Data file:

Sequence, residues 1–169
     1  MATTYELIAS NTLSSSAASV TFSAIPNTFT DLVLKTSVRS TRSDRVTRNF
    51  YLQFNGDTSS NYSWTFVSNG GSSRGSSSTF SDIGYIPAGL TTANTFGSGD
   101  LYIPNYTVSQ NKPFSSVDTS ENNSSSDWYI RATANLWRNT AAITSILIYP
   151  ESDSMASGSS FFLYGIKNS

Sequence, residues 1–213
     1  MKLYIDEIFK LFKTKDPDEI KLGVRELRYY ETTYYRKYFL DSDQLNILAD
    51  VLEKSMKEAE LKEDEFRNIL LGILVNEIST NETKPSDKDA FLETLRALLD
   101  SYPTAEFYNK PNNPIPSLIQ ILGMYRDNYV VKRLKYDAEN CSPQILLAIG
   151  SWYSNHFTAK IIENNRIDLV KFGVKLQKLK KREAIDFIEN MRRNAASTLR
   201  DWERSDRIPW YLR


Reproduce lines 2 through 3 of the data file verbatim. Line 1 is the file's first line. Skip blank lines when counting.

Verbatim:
     1  MATTYELIAS NTLSSSAASV TFSAIPNTFT DLVLKTSVRS TRSDRVTRNF
    51  YLQFNGDTSS NYSWTFVSNG GSSRGSSSTF SDIGYIPAGL TTANTFGSGD